"These things were critical because when we were preparing for war, the IDF planned Operation Kardom. Major General Shaike Gavish planned the operation, which consisted mainly of three divisions in central and southern Sinai, and the restraining of the Egyptian force in the north by a small force, and it suddenly became clear that the plan could be thrown into the trash. Three brigades with new tanks entered from there, and so the plan was destroyed because of faulty intelligence.
"It was agreed to do the opposite, to pull out a new plan, Operation Nachshonim to replace Kardom, and the breakthrough would be in northern Sinai, where the Taliq Sharon and Avraham Yoffie divisions will operate, and the southern axis will have one Armored Division and will establish Divisions of Fraud. In the area of Brigade 8, this is a division of fabrics and cartons, a division 49 whose commander is Colonel Shlomo Ambar. In its real battalions there was an engineering battalion that was prepared for such fraudulent activities with a lot of cardboard and paper equipment.
"To complete the ruse," Yitzhaki says, "Sharon's division traveled to Contilla and at night they returned to Abu Carta. Thus the Egyptians saw that there was an endless movement of tanks and half-tracks from the area of Nitzana and the south, which shows that the IDF is concentrating its forces against its forces. Moreover, a fraud squad called 'Red Tongue' was established in the Eilat area to teach about an Israeli intention to break into the Sharm el-Sheikh area. We waited for two or three days and watched the Egyptians swallow the bait. We began to see the flow of Egyptian forces into the area of the divisions of the diversion. Therefore, a situation was created that after a week of such maneuvers it was exceptionally successful, and in front of our serious force was a relatively small Egyptian force. This was the most brilliant deception operation the IDF has ever carried out.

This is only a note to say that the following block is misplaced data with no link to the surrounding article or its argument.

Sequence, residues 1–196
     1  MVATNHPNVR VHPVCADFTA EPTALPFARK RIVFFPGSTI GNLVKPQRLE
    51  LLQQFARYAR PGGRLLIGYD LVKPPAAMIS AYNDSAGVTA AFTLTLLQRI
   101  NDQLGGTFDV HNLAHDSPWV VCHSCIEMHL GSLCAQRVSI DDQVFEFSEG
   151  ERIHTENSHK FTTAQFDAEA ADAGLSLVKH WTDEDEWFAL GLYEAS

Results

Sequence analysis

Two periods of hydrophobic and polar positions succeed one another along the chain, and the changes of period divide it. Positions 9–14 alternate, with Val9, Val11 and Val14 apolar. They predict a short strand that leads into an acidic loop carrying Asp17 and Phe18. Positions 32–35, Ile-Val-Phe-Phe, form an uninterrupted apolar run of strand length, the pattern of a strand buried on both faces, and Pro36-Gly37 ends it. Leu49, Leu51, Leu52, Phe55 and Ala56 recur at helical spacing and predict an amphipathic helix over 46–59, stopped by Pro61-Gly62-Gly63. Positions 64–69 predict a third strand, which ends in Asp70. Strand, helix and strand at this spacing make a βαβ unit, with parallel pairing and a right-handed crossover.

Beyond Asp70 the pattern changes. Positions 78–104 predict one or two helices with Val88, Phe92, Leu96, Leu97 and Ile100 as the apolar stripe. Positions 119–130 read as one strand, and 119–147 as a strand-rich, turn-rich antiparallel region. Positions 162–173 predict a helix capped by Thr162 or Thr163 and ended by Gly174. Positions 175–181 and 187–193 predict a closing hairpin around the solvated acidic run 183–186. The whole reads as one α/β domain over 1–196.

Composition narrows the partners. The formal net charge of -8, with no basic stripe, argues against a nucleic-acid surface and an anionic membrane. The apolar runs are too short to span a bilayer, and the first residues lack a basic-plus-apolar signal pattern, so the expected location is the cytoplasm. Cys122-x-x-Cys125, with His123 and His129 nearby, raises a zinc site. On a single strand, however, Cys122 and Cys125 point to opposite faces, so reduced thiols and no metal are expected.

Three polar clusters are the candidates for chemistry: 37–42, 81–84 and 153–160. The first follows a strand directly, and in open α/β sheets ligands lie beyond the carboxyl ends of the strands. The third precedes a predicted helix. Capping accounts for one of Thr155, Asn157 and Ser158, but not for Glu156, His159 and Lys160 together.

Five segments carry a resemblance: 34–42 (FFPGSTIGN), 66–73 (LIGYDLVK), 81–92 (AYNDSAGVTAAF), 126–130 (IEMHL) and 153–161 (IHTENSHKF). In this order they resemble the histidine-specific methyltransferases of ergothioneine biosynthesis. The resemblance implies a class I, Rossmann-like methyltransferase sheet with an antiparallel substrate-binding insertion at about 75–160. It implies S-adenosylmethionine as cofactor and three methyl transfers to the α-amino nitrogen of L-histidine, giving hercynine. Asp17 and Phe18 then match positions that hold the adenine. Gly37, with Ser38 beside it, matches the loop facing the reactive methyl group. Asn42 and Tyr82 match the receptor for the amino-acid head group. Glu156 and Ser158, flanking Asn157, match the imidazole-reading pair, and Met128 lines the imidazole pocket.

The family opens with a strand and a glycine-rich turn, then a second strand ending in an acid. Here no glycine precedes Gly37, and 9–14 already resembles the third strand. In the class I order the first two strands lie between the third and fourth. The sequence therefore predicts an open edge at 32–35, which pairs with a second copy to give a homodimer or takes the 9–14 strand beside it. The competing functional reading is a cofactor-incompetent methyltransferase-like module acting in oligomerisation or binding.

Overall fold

"We seized Egyptian agents and told them that if they did not work with us and transmit false information, they would spend decades in prison. One of them was Rifat Ali al-Jamal, who appeared under the name of Jack Biton. On May 26, an Egyptian jeep 'accidentally' crossed the border in the Nitzana area and was caught by our forces, one of whom was one of ours and gave fascinating news," he said.
He added that there were also tragic incidents, such as an incident that took place "during the conquest of El Arish. A Nahal force was there and an Egyptian Zin appeared at the rank of lieutenant colonel and tried to turn himself in and a soldier shot and killed him."
In addition to this, Yitzhaki adds a very disturbing detail that emerges from the study of the documents in the same box of chiefs of staff - the individual dealing with the functioning of Moshe Dayan.
"After the Six Day War I continued serving in the General Staff for another year or so. I appeared before various IDF courses, such as POAM and others, and I told them about the various wars. In early 1969, I received a summons to the Defense Minister's office for clarification and hearing. They did not tell me on the phone what it was about. It would seem strange. I went to Dayan's office. The IDF chief referred me to a nearby room where my hearing would take place. The legal advisor of the defense establishment, Josef Ciechanover, and Lieutenant Colonel David Talmor were next to him. I asked what the hearing was about and Ciechanover told me, 'Young Mr. Yitzhaki, we have been informed that you are defaming the defense minister in your lectures.'"